BREAKING – FIRST REPORT: Lakewood Board of Ed files Federal lawsuit against New Jersey Legislature, Senate President Sweeney, Assembly Speaker, New Jersey DOE, and Commissioner of Education

A federal lawsuit has been filed today against New Jersey officials by the Lakewood Board of Education, to once and for all demand a thorough and efficient education  Рwithout saddling taxpayers.

“After again meeting last night with parents of the public school students – who are the true victims, I, as a longtime Lakewood resident and lawyer who represents more students of Latino origin throughout the state than any other solo practitioner, the time has come to truly help,” said Attorney Inzelbuch.

“This federal complaint will hopefully remove our children’s fate out of politics and into a federal court of law. The complaint raises one of many issues – which is the disparate impact of the antics in the state of New Jersey. Simply put, all students whether they speak English, Spanish, Hebrew, Yiddish, Polish, Italian or any other language, have rights that are being trampled on,” said Inzelbuch.

Governor Murphy was not named in the lawsuit, because he had stated the children have a constitutional right to a thorough and efficient education.

“The Lakewood Board of Education says enough is enough,” says Inzelbuch. “Students and Taxpayers need not be saddled with more uncertainty and taxes.”

See the court documents below.

Certification of MII
Certification of Service
Certification Winters Finger Bender 7-3-19
CIS
Complaint
EXHIBIT A
EXHIBIT B
EXHIBIT C
EXHIBIT D
EXHIBIT E
EXHIBIT F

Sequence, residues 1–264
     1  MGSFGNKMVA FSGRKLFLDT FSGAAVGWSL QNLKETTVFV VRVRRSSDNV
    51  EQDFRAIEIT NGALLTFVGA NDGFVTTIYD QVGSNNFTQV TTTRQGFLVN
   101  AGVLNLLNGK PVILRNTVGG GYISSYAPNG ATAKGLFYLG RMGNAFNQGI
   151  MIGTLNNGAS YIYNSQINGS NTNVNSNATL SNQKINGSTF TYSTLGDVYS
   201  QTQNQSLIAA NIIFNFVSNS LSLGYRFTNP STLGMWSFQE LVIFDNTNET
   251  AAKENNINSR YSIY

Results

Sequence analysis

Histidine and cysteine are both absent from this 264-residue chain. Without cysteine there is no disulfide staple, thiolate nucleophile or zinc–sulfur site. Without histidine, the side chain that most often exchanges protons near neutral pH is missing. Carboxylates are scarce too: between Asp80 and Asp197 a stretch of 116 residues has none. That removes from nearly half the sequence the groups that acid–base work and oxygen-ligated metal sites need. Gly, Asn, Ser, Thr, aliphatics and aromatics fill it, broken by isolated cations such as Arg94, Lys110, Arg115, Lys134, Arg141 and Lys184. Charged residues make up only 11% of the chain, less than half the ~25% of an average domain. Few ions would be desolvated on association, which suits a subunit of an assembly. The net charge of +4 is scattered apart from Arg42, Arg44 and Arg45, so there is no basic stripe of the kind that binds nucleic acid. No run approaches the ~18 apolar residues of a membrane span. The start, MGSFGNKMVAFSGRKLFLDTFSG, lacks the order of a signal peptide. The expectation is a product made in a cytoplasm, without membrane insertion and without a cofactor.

EXHIBIT G
EXHIBIT H
EXHIBIT I
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1 COMMENT

  1. It is ironic that the BOE brings a federal lawsuit under the Fourteenth Amendment.

    I began my response to the State’s first motion to dismiss on October 22, 2014 with these words:

    “The political branches have failed the children of Lakewood. The executive and legislature have been aware of their failure to adequately fund the district since 1991. Stakeholders in Lakewood public education cannot expect an elected leader local or statewide, to champion their cause. In 2002 the local board of education had a golden opportunity as a party to Bacon to present a compelling case for their students in the Office of Administrative Law but pathetically failed the,. The public school constituency has become exponentially smaller every year against an increasingly overburdened majority. The petitioning plaintiffs are among the disenfranchised few who have nowhere to turn other than to an impartial judge for their rights under the constitution of this great state.”

    I concluded the brief with these word:

    “Student petitioners represent the stakeholders in public education in Lakewood, a political minority decreasing in size every year. They have no hope for relief from the elected branches of government. They look toward the Office of Administrative Law to assert their rights in the same manner as other disenfranchised minorities have historically petitioned judges to affirm their rights. Up against an increasing majority of citizens without stake in the public schools, they are indeed among the politically ‘discrete and insular minorities [that] may be a special condition, which tends seriously to curtail the operation of those political processes ordinarily to be relied upon to protect minorities, and which may call for a correspondingly more searching judicial inquiry.’ United State v. Carolene Products Co., 304 U.S. 144, 152 (1938) ft. nt. 4.”

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